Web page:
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Jacmel
Jakmèl
Commune
JacmelView.jpg
Nickname(s): Culture Capital, City of Artists
Country Haiti
Department Sud-Est
Arrondissement Jacmel
Demonym Jacmelien(ne)
Founded by Spain 1504
French settlement 1698
Founded by Nicolás de Ovando
Population (2003)
 • Commune 26,077
 • Metro 40,000
Time zone Eastern (UTC-5)
 • Summer (DST) Eastern (UTC-4)

Jacmel, is a commune in southern Haiti founded by the Spanish in 1504 and repopulated by the French in 1698. It is the capital of the department of Sud-Est and has an estimated population of 40,000, while the commune of Jacmel had a population of 137,966 at the 2003 Census. The town's name is derived from its indigenous Taíno name of Yaquimel. In 1925, Jacmel was dubbed as the "City of Light," becoming the first in the Caribbean to have electricity.

The city has well-preserved historical French colonial architecture that dates back from the early nineteenth century and has little changed. The town has been tentatively accepted as a World Heritage site and UNESCO reports that it has sustained damage in the 2010 Haiti earthquake.

History

Christopher Columbus gave the name Puerto de Brasil ("Brazil port") to the place where Jacmel is now because there were many trees called "Brasil" (English: Brazilwood) in the region that were cut and sent to Spain; the tree has a yellow substance (and wood) that was used to give that color to hair, cloths and other objects.

In 1504, Nicolás de Ovando, Spanish governor of the Hispaniola, founded the town of Villanueva de Yáquimo (or Villanova de Yáquimo). But people left the town and French people came to live there; in 1698, the new town of Jacmel was founded.

Modern Jacmel

Ayiti & DR 2007 049
A beautiful beach in Jacmel

The port town was internationally known for its very vibrant art scene and elegant townhouses dating from the 19th century. Among the wealth of art and crafts available in Jacmel are the papier-mâché, done by nearly 200 artisans. In recent years Jacmel has been host to a large film festival, called the Jacmel Film Festival, that started in 2004, and in 2007 the international Jacmel Music Festival was successfully launched as well. Its carnival, the nearby Bassin Bleu (Haiti's most famous natural deep pools), and the scenic white sand (Timouillage, Cabic, Raymond-les-bains, located primarily in Cayes-Jacmel) beaches attract many visitors. The town is regarded as one of the safest in the country, and foreign visitors that come to Haiti seeking tranquility often go for Jacmel.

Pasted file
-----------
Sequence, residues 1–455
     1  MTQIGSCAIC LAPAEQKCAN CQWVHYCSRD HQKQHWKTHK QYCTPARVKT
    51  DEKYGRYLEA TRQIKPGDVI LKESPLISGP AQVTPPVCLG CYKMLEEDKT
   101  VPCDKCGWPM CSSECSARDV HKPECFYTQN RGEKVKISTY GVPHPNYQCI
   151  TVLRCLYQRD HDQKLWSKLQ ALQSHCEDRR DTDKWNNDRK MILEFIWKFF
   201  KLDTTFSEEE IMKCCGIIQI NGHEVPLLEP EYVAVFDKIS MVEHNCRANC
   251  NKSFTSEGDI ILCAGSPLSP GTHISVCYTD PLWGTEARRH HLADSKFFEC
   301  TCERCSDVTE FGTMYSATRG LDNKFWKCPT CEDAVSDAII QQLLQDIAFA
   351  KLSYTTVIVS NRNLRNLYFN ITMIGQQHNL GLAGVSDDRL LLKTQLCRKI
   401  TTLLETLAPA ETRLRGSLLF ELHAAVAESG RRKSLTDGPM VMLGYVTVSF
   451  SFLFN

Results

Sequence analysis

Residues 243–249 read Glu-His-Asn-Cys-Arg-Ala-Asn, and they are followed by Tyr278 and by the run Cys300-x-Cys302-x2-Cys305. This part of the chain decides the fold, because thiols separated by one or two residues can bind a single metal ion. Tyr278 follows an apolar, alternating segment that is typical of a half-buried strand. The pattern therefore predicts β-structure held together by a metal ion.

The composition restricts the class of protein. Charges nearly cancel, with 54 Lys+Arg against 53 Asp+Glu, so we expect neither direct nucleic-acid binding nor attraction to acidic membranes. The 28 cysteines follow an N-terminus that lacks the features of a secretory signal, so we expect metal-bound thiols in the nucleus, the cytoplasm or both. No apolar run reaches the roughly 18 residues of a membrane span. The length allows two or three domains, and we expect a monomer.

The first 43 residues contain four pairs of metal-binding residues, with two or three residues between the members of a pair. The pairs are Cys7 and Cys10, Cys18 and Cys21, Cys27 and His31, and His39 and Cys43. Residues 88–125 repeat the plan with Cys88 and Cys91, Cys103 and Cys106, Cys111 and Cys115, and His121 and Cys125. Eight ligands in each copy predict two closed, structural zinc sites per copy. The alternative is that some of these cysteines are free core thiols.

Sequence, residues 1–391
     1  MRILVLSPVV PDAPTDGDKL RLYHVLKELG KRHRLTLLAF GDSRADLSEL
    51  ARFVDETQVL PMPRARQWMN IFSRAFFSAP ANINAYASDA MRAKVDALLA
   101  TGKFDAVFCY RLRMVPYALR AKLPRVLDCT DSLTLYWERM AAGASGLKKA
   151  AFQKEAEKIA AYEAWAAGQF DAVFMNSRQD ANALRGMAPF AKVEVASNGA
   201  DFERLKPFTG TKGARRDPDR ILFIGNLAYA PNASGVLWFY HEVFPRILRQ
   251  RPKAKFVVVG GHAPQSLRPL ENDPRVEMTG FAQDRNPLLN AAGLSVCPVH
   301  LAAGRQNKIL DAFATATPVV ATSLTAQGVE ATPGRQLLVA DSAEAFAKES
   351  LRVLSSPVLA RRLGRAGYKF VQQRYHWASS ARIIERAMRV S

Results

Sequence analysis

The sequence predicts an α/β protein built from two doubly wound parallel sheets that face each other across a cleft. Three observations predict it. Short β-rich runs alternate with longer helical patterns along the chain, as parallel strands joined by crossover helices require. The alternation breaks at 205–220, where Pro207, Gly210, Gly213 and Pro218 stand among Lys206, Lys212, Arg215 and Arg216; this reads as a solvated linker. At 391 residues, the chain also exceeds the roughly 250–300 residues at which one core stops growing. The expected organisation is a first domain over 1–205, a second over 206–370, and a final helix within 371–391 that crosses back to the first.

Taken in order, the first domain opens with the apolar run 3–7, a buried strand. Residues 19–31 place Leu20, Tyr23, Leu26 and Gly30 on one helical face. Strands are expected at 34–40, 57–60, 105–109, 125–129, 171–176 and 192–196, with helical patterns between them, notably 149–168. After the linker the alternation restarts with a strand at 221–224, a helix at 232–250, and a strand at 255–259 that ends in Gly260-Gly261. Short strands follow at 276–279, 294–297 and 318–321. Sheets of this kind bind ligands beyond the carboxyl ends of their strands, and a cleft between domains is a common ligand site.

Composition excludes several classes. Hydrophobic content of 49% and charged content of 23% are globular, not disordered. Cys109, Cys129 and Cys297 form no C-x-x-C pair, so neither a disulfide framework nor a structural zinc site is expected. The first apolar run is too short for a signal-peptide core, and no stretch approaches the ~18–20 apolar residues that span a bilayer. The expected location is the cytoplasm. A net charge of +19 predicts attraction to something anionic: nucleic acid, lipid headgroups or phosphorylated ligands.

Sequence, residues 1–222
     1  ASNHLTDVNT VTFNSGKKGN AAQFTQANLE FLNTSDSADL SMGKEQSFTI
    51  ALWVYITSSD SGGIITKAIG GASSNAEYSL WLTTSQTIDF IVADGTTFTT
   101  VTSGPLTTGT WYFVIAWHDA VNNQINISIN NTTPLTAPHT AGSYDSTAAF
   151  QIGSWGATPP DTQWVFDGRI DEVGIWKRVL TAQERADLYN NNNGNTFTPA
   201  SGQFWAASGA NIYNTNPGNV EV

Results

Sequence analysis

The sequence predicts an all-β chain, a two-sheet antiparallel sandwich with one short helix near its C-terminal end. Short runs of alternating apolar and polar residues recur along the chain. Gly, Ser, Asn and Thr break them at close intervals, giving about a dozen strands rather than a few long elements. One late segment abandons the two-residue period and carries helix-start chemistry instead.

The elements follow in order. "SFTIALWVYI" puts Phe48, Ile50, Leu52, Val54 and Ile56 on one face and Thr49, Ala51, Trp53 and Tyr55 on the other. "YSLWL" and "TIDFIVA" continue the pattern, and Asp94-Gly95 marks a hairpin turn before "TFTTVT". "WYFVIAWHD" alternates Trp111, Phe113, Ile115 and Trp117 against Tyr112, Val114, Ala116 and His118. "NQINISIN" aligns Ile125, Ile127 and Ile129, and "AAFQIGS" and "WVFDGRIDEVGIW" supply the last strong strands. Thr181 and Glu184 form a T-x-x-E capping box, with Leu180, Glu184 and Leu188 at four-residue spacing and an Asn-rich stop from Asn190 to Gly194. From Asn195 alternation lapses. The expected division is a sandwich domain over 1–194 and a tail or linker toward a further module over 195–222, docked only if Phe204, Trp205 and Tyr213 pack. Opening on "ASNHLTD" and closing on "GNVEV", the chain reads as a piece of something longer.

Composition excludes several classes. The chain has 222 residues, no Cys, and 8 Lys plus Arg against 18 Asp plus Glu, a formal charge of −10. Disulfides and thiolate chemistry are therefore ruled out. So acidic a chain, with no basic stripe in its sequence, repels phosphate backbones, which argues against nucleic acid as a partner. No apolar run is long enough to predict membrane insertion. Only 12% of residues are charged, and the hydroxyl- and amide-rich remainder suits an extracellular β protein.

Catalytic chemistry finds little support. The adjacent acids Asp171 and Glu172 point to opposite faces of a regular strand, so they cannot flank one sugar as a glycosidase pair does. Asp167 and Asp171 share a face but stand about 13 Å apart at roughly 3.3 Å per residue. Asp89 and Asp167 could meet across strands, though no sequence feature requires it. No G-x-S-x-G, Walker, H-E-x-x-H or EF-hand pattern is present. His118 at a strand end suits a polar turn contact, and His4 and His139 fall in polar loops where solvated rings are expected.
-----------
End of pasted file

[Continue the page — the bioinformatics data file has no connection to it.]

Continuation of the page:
2010 Haiti earthquake

Defense.gov photo essay 100117-F-1644L-081
Shown here Jan. 17, 2010, are destroyed buildings in Jacmel, Haiti. According to local officials about 350 people lost their lives in Jacmel due to the earthquake that hit the region Jan. 12, 2010

On 12 January 2010, Haiti experienced a magnitude 7.0 earthquake that caused heavy damage and casualties in Jacmel. The first temblor rocked the city at 4:40 pm, but the later temblor at 5:37 pm stopped the cathedral's clock. About 70 per cent of the homes were damaged, with most of the heavier damage being in the poorer neighbourhoods. A small tsunami hit Jacmel Bay, with the ocean receding, leaving fish high and dry on the seabed.

In December 2010, the Capponi Construction Group, a Miami-based construction company, decided to help with the revitalization of Jacmel. This initiative was created to help stimulate a self-sustaining tourism economy for Haiti, while preserving its arts, culture and traditions. The company promotes best practices to provide a socio-economic system for thousands of Haitians living in the southeast region. Capponi Group Haiti is also restoring a 200-year-old coffee-sorting house at the port of Jacmel. The project hopes to again make Jacmel a commercial and tourist center.

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